August 5, 1920 – St. Louis, Missouri
On October 19, 1920, Basker was flying the new (and soon abandoned) airmail route between Chicago and St. Louis, Missouri. At 1:15 p.m., he was forced down near Worden, Illinois when a right hand upper drift wire bolt broke in the air. Basker fixed the problem himself with a pair of pincers from his toolbox and took off again 20 minutes later.
On January 6, 1921, Basker was flying his airmail airplane #11 on an evening flight into St. Louis. The airplane he was to have taken did not have recordable oil pressure, so he took a airplane that was damaged and needed two hours of repair, making him late out of Chicago. He stopped at Rantoul, Illinois, as scheduled for gas and oil and took off for St. Louis. As Basker noted in a report, "The field at St. Louis lays in a hollow with hills and high trees encircling it. That night the wind was from the southeast and strong, so I had to come in over the highest trees northwest of the field, and drop down into the hollow, landing down hill. But landing gear struck tree top, throwing right wing up and causing me to fall. Fortunately the ship struck in very soft ground breaking only the propeller, blowing a tire and slightly damaging the leading edge of the right lower wing. The strong wind prevented the ship from turning over when it was up on its nose."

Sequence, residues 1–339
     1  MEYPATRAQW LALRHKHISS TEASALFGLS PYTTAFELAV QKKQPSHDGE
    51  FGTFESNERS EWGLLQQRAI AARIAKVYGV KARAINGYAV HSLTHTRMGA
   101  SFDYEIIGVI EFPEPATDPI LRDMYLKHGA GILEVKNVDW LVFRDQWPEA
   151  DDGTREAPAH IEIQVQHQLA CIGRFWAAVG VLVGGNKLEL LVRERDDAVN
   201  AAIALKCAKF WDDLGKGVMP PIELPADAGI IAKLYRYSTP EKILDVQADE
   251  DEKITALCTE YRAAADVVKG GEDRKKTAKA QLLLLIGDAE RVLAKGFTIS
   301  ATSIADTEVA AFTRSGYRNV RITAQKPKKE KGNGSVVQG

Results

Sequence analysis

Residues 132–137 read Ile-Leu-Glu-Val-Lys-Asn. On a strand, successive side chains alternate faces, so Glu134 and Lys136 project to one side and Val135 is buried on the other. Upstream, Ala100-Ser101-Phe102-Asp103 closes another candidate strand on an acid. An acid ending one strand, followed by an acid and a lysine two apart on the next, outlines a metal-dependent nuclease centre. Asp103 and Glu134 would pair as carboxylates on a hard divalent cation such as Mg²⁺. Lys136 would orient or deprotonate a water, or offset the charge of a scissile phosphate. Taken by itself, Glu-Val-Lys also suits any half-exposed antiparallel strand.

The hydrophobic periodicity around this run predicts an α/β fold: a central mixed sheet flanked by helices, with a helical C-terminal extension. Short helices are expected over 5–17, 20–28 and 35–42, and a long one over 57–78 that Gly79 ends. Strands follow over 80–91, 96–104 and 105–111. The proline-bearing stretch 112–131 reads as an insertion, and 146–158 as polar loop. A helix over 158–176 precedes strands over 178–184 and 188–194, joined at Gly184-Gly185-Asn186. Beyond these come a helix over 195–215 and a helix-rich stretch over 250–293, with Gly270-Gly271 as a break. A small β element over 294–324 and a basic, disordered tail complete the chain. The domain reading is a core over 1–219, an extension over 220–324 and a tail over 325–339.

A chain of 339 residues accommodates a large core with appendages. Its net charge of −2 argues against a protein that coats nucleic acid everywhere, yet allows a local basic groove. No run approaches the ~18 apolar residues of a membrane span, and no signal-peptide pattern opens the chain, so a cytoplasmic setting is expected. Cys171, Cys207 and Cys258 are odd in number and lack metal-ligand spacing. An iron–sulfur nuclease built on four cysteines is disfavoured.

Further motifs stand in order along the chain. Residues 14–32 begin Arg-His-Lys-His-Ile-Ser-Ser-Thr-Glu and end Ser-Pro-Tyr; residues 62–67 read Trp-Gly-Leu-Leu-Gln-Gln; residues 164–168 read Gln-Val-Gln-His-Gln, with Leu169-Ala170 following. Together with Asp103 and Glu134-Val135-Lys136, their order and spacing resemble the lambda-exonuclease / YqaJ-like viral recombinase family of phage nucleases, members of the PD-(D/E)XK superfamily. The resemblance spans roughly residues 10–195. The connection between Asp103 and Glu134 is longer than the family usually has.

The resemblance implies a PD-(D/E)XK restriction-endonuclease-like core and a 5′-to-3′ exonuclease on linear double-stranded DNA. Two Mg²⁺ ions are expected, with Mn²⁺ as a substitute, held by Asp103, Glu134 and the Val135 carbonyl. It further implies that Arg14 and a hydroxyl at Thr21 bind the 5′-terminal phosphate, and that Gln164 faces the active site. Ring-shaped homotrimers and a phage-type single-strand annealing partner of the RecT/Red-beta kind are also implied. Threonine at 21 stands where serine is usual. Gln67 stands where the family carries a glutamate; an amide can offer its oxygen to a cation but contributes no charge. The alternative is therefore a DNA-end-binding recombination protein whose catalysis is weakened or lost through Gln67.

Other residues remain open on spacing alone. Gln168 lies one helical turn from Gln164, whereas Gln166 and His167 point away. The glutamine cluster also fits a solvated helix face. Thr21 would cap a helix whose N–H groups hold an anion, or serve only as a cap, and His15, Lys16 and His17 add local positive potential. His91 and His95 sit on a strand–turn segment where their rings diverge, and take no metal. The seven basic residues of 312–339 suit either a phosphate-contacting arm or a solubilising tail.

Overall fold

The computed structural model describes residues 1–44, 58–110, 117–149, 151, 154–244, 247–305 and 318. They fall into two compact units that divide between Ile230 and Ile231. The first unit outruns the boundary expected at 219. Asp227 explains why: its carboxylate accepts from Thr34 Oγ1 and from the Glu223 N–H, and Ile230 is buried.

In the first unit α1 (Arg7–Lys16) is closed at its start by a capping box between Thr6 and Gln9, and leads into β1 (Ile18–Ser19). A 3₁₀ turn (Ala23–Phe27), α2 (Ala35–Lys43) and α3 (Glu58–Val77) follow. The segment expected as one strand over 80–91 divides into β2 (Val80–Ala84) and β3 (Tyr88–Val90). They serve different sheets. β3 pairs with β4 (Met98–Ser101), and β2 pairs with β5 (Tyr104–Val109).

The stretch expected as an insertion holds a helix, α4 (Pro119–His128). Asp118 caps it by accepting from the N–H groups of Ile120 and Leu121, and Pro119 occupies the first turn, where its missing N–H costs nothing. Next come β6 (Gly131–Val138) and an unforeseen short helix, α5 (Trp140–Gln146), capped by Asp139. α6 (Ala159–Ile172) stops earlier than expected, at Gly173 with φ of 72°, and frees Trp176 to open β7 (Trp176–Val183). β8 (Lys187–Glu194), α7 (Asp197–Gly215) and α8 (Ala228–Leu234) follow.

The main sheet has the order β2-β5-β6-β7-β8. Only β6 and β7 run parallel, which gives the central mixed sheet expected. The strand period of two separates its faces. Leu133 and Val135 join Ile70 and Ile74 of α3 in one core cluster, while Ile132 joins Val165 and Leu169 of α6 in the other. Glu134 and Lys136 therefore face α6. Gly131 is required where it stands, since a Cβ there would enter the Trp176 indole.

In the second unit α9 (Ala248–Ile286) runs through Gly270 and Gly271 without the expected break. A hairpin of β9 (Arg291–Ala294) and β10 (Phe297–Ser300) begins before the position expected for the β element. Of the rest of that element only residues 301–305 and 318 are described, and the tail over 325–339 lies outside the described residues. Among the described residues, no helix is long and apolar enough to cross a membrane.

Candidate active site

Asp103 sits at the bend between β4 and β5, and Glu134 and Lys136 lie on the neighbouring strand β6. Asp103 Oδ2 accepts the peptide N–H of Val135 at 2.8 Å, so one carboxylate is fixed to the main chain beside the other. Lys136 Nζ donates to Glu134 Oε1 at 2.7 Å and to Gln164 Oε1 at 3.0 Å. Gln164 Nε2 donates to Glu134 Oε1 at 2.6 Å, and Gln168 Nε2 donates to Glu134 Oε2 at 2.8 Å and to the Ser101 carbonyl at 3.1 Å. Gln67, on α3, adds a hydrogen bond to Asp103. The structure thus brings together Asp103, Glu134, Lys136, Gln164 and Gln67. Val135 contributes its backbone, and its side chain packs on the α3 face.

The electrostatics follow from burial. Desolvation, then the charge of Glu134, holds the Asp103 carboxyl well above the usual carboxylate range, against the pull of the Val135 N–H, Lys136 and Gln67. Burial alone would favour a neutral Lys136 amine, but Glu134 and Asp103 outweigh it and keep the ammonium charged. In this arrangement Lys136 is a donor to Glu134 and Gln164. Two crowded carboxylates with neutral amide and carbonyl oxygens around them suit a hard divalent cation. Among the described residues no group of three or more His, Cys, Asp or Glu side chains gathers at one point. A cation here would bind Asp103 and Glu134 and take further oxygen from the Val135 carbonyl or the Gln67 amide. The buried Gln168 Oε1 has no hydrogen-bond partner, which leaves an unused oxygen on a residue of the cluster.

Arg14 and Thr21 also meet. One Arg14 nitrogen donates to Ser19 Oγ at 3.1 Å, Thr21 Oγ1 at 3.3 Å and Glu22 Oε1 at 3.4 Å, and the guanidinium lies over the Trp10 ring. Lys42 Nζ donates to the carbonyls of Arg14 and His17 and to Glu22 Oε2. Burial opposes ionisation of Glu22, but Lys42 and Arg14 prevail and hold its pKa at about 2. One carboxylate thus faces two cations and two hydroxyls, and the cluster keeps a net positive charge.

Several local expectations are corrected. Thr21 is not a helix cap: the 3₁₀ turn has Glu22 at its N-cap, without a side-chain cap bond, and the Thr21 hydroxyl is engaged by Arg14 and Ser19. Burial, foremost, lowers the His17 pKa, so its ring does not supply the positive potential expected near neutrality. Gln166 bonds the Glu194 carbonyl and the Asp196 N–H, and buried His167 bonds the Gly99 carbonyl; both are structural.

Basker noted with relief that the trees at the edge of that field were finally being removed. However, he also complained that the field's flood and spot lights remained inadequate to the task.